The recent stock meltdown in China has understandably attracted global attention; after all, China is already the second largest economy in the world and any turmoil in its economy will inevitably affect the global economy. Indeed, we live in a truly interconnected world and as such what worries China will worry the United States and other states as well.
For some good reasons, most of the global attention has focused on the usual debate between the so-called bears and the bulls, each with their own predictions for China’s economy. This, of course, is a very important topic given its huge economic and social implications for China and the world. But such a narrative also misses three important facts about China’s economy and China’s future in general.
First, China’s economic slowdown should be understood from a comparative perspective, both horizontally and vertically. This means that we should compare China’s economic performance with other major economies’ performance (in horizontal terms), but also that we should compare today’s Chinese economy with its own past (in vertical terms). Once we do this, it becomes very clear that in comparison to the European Union’s and Japan’s economy, the Chinese economy is doing just fine. Yes, it is true that China’s GDP growth might slip below 7 percent this year, and might even reach 6 percent in the next two years. But is this a bad number? How about Japan’s zero percent growth and the EU’s one percent growth? Granted, China is still in a developing stage and thus needs a faster growth rate to sustain its labor growth and rising expectations from its citizens. But still, a 6 or 7 percent growth rate would be just fine for China to transform itself into a high-quality economy. Moreover, the current slowdown of China’s economy is not a surprise at all. Most economists in China long ago argued that 10 percent GDP growth was not sustainable and actually harmful to China’s environment and future growth.
Second, one main reason why the whole world is so interested in China’s economy are the potential social and political implications of a possible economic crisis in China. There are some theories out there that claim that an economic crisis usually leads to social and political instability and even transformation. When applied to China, however, such theories might not work very well. The reason is simple: there is no direct connection between economic crisis and political transformation. Too many variables come in between crisis and transformation. Those who hope for a transformed China after the economic crisis are bound to be disappointed. The overall social and political situation in China is stable, despite some occasional episodes of instability. The most recent Tianjin explosion, for example, has brought down dozens of high-level officials, once again demonstrating the Chinese government’s will and determination in responding to social voices. Of course, there is much more to do in this area, but the central government is mostly doing the right thing.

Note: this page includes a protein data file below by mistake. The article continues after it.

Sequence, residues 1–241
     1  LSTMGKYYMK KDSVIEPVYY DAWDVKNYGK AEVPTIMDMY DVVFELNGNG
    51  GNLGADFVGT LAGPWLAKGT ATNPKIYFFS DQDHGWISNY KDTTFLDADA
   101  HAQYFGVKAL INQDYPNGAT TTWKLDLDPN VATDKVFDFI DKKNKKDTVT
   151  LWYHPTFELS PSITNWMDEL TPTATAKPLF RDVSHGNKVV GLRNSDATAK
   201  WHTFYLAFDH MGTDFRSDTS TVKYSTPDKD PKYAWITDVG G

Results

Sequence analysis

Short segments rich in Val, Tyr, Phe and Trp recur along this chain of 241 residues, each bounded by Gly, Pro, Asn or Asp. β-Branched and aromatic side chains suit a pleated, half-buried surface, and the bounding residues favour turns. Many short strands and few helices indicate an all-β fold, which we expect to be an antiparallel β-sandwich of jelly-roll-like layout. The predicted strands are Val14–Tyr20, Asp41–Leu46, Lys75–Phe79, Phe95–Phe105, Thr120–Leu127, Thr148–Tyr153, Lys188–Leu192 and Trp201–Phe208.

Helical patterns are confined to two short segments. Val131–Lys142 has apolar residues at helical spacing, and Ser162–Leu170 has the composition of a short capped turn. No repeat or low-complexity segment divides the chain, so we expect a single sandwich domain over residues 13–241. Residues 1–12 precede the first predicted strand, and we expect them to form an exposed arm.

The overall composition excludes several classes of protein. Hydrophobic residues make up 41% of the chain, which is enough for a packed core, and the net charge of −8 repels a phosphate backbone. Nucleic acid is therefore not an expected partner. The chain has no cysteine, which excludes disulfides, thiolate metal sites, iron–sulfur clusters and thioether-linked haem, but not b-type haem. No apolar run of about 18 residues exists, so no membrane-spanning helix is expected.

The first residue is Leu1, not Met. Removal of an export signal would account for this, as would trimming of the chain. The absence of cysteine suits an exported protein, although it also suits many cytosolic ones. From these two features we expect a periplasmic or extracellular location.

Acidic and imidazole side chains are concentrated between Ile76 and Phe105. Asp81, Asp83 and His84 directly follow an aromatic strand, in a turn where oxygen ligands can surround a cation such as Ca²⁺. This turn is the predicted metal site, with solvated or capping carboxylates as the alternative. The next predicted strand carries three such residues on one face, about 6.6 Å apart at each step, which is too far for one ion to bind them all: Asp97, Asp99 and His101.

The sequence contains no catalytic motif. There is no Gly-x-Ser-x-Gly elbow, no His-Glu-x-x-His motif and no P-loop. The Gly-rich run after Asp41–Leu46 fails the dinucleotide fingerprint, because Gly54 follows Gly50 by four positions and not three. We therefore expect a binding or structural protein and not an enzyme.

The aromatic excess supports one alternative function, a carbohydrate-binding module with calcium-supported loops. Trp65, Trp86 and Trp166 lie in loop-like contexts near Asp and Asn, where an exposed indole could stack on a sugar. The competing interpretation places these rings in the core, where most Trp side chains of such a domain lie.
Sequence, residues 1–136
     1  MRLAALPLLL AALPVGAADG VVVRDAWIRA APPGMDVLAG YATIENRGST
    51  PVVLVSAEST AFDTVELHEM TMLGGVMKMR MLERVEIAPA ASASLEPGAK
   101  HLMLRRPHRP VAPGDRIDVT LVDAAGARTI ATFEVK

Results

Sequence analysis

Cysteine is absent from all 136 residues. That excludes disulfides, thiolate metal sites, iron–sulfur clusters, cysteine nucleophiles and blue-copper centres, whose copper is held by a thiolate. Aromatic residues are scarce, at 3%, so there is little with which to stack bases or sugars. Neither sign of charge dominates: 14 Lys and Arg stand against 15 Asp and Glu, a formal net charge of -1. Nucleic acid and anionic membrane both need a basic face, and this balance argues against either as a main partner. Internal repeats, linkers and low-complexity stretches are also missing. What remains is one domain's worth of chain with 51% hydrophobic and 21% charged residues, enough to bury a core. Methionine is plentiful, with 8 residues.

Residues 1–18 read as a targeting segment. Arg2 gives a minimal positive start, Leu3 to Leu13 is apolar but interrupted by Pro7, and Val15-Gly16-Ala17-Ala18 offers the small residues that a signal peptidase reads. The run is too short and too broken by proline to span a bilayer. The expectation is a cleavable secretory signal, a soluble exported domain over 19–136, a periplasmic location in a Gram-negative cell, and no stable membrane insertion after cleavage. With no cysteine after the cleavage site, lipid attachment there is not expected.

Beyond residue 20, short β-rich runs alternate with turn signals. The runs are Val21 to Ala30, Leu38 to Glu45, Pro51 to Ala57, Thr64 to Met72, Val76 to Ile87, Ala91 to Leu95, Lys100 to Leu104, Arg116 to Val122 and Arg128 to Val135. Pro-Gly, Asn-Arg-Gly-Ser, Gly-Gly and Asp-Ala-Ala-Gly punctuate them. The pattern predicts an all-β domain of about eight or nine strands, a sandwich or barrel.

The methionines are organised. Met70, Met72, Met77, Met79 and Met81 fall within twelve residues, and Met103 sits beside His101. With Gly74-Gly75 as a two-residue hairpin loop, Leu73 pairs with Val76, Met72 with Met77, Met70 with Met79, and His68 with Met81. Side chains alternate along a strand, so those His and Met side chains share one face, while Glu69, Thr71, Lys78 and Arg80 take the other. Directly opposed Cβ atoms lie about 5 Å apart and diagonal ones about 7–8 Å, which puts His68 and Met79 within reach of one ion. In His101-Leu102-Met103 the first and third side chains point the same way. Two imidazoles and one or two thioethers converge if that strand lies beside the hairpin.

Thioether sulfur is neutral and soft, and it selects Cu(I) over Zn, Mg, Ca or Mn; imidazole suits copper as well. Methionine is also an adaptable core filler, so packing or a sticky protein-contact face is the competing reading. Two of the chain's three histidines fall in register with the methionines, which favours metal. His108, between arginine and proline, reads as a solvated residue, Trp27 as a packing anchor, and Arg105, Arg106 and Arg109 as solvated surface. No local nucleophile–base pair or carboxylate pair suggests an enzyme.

Third, the most fundamental question facing China’s economy and its future is how far and deep its reforms can go. It is evident today that all across China, reform proposals are facing strong resistance from all sorts of bureaucrats. Vested interests are fighting hard to retain their fortunes and we can only expect an intensification of anti-corruption efforts in the future, particularly in the financial area which is beginning to be scrutinized by Wang Qishan’s Central Commission for Discipline Inspection. This is the key battle that we need to watch closely today.
To conclude, it is right for the whole world to watch China’s stock market and economic slowdown, but there are more important things to keep in mind besides the stock market. Nobody says China’s reforms will be easy and there is certainly a consensus among Chinese officials and scholars now that something serious needs to be done to bolster China’s economic structure. We may soon witness bold reforms by the Chinese government. This is because they are necessary.